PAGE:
When weighing up the cost of your infrastructure project and have different types of piping to choose from, consider the material prices. For example, ductile iron, PVC and prestressed concrete can cost up to $34 more per linear foot than bar-wrapped, fiberglass, HDPE or steel.

 

If you are designing a piping system to carry drinking water or wastewater, avoiding internal corrosion is one of the biggest factors to consider. You also want to make sure that your choice is resistant to pressure and has a low risk of causing contamination. 

–       Ductile iron can be made from up to 95% recycled iron materials, and also provides a reliable hydraulic flow. To ensure against external corrosion, it is recommended to fit the piping with a polyethylene casing. These pipes can carry water for decades if properly installed and protected against corrosion. 

–       Steel has been long-used in the USA for carrying water, as it is recognized for its resistance to hydraulic pressure. It is simply a very strong material and does not break very often. Variants like carbon steel are known for their lower cost and increased versatility.

–       Concrete piping, as mentioned, is a very sturdy material that is capable of staying in the ground and carrying water for up to 150 years. It is perfect for marshy, damper soil since it is only 15% dependent on support from surrounding soil to remain intact. However, the biggest downside with concrete is undoubtedly the proneness to corrosion from sulfuric acid when soil conditions are acidic.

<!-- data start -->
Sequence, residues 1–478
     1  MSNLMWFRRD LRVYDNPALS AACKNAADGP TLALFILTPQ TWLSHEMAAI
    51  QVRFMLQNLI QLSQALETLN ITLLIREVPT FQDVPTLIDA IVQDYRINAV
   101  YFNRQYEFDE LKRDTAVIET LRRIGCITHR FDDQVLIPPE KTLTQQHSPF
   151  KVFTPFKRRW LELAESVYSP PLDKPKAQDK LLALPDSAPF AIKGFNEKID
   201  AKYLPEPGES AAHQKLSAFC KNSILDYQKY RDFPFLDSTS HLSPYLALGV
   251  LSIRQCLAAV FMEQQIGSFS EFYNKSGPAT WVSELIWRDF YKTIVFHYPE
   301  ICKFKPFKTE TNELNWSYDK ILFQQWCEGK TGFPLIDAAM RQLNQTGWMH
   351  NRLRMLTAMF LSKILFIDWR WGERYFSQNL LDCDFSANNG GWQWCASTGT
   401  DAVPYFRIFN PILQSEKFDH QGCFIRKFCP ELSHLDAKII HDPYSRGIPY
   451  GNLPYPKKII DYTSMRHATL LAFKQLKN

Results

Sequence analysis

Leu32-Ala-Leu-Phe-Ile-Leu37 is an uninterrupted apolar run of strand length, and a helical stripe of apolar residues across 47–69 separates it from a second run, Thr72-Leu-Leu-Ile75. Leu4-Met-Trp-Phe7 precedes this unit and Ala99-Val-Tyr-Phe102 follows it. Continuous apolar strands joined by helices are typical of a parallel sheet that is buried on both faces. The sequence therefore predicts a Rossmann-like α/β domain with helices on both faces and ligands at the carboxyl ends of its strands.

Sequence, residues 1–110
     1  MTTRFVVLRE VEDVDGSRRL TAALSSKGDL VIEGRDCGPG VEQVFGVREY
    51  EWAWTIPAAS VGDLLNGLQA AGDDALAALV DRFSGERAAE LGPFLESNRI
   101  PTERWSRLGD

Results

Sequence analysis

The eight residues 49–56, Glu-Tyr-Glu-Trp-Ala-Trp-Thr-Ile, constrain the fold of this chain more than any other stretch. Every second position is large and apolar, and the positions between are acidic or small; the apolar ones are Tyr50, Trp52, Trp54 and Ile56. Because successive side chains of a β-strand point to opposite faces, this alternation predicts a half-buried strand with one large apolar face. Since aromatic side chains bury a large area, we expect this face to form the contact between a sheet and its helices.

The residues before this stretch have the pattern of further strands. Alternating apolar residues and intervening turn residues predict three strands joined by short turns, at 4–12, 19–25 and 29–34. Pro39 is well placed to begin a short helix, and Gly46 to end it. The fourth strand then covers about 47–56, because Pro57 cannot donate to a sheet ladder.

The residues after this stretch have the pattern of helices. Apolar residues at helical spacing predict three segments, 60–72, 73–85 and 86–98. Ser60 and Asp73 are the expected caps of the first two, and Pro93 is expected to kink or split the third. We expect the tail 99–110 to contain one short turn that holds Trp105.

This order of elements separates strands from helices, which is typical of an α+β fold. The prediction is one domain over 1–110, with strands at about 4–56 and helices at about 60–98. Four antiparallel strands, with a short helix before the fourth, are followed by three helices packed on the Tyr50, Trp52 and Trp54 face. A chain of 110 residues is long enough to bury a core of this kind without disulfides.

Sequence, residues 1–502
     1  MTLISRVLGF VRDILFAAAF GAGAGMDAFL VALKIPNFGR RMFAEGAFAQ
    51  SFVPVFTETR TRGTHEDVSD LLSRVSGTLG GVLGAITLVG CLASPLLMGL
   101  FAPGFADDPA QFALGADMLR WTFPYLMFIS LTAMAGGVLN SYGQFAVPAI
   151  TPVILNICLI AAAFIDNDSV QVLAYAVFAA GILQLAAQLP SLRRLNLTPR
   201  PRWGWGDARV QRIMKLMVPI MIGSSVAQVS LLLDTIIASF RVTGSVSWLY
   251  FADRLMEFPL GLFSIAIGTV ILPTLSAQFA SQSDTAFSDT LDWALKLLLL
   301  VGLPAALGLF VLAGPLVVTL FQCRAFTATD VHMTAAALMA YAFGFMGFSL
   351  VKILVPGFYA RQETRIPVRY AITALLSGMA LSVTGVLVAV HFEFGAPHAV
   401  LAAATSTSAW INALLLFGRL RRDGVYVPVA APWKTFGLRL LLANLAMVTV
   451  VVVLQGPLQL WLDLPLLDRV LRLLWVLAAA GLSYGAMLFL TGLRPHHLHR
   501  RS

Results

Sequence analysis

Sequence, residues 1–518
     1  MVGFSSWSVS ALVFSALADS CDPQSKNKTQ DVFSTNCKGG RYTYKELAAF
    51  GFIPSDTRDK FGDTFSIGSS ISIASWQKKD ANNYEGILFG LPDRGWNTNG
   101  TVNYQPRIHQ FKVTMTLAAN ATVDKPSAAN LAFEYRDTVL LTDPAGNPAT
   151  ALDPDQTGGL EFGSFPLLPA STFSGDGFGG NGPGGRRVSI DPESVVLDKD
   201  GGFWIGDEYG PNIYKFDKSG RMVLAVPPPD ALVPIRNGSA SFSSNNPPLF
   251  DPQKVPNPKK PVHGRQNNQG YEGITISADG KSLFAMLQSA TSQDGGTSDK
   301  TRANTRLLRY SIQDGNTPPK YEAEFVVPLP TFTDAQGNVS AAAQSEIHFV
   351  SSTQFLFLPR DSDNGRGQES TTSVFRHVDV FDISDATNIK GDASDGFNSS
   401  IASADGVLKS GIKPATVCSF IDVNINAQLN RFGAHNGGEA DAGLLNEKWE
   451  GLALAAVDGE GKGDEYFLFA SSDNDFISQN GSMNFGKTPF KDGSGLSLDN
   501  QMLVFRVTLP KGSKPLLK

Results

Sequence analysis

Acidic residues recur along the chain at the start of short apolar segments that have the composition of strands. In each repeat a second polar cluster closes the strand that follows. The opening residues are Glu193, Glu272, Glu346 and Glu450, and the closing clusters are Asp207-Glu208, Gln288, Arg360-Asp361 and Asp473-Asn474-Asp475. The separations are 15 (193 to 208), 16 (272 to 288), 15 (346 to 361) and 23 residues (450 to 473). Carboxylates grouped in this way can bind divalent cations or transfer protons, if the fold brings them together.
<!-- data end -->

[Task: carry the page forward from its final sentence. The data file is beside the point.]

–       If you are planning to lay down some piping in an earthquake-prone area and are unsure where to look, consider HDPE. Modern technology creates almost unbreakable joints in this piping, evident in the complete lack of damage HDPE pipes experienced during the powerful 2010 earthquake in Chile. 

–       PVC might be a fairly old material, but new fusion techniques have meant that it is capable of competing with HDPE in terms of strength. 

If you are looking for piping that is suitable for transporting gas and oil, PVC has been proven to be unaffected by gasoline. This is one of the primary hydrocarbon contaminants.

Similarly, steel such as alloyed chrome-moly is often used in power plants. These two materials are both excellent at dealing with high temperatures, so you can rely on this kind of piping to transport oils and other substances found near refineries or power plants.  

This was a very brief introduction to the world of choosing the correct piping for different infrastructure projects. There are many factors to consider, from external conditions to the properties of the piping itself. 

The main thing to bear in mind when making a decision is that it must be for the long term. Piping systems are expected to last for 50-100 years without replacement, so picking reliable materials is key.

Jack Vale is a writer for Scaffold Store, a scaffolding manufacturer, and retailer.